I’ve Just Read a Wonderful Book…

Well I am back from a wonderful holiday, all the better for having had the chance to share part of it with some great friends. For some time I’d been planning to read the book, ‘So You Don’t Want To Go To Church Anymore‘, by Jake Colsen (a pseudonym for Wayne Jacobsen and Dave Coleman), and finally was able to do so while away.

What a liberating read.

It wasn’t as if I’d not come across the concepts in the book before, and many of those who’ve read this blog from time to time would be familiar with at least some of them. However, I’ve never before come across such an effective story that brings all these things together in one place, with a powerful effect on the reader. Even before I got terribly far into the book, I found myself relaxing into an enormous sense of peace and freedom about life with Jesus.

The book expresses all sorts of observations about different forms of organised ‘church’, in the form of a story about a pastor whose journey takes an unexpected turn. More importantly, it expresses so much about the love and grace of our Father.

It gives a graphic illustration of a transition from trusting in our own methods to achieve what we think are God’s purposes, to trusting in God’s work in and through us, putting aside religion along the way. It is not about putting aside things for their own sake, or fighting against them, so much as just listening to what our Father says to us on a daily basis and responding to that.

Anyway, it is impossible for me to describe the content of the book and do it justice. It really needs to be read. I intend to read it several more times. My trust in God has been enormously encouraged by the story, and I am experiencing a real peace and rest in Him.

I’d recommend it to anyone who has a sense of disquiet about their church experience for whatever reason, and for anyone who is just seeking a greater understanding of our Father, and His love for and work in us.

Possibly this book may help people heal in their relationship with God where they may have been hurt by religion or religious people in the past.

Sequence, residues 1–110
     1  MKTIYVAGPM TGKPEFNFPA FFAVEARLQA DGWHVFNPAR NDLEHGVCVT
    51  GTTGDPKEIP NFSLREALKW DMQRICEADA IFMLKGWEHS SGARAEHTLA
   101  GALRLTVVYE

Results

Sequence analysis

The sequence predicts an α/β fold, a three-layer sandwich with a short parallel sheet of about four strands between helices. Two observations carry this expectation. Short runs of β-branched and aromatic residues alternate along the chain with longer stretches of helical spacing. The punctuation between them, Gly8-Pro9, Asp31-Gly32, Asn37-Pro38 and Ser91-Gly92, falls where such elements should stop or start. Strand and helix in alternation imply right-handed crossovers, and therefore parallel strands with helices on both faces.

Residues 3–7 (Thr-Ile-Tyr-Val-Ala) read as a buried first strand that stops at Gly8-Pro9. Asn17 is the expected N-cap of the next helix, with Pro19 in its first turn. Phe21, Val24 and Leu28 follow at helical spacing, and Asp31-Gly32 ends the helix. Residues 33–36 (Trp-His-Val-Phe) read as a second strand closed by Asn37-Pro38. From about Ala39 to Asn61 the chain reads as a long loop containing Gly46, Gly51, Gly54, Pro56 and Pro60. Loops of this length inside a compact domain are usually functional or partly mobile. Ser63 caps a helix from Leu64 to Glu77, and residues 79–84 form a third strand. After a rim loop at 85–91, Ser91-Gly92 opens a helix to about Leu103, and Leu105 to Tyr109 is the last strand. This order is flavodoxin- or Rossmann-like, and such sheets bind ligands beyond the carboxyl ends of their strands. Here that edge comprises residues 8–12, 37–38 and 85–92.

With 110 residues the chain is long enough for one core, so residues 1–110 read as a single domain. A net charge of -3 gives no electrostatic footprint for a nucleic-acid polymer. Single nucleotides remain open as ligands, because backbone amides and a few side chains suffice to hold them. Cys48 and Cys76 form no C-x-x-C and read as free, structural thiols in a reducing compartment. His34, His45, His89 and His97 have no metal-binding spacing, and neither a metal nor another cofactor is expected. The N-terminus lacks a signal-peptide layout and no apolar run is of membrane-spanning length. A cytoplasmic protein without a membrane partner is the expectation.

This book is available online in pdf form or may be ordered in hard copy here.

God bless you all!


13 thoughts on “I’ve Just Read a Wonderful Book…

  1. What’s wrong with Christians these days? All you’re supposed to need is God’s word and the Holy Spirit. Not any of these distracting works written by men.

  2. David you’re reading this blog but this blog is not the bible, what’s up with that?!

    When it comes to being saved you’re right though, all we need to know is what’s in the bible, with our understanding aided by the Holy Spirit.

    Still when I once got appendicitis, I’m glad my surgeon had read more books than just the bible (albeit I would have gone to heaven if I hadn’t survived the operation).

    Likewise I believe there is value in reading books in addition to the bible for psychological health.

  3. “What’s wrong with Christians these days? All you’re supposed to need is God’s word and the Holy Spirit. Not any of these distracting works written by men.”

    Heheh! AMEN! Good words David! That’s why I’ve hardly been on! I’ve learnt so so much! It’s almost hard to fathom until I journal and digest it. To see you post such a cool statement is in total line where I have been for the last few weeks.

  4. cpig – David is our resident atheist (he disappeared for a while there). I’m not sure if he would bother reading the Bible these days, although I suspect he’s had a pretty good exposure to it at some time in the past.